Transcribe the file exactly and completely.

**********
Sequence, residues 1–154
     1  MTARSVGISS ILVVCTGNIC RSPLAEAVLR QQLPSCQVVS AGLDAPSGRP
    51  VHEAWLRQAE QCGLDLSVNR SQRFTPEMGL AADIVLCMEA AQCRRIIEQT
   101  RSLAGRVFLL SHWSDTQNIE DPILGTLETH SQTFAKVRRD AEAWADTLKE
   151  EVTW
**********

Sequence, residues 1–154
     1  MTARSVGISS ILVVCTGNIC RSPLAEAVLR QQLPSCQVVS AGLDAPSGRP
    51  VHEAWLRQAE QCGLDLSVNR SQRFTPEMGL AADIVLCMEA AQCRRIIEQT
   101  RSLAGRVFLL SHWSDTQNIE DPILGTLETH SQTFAKVRRD AEAWADTLKE
   151  EVTW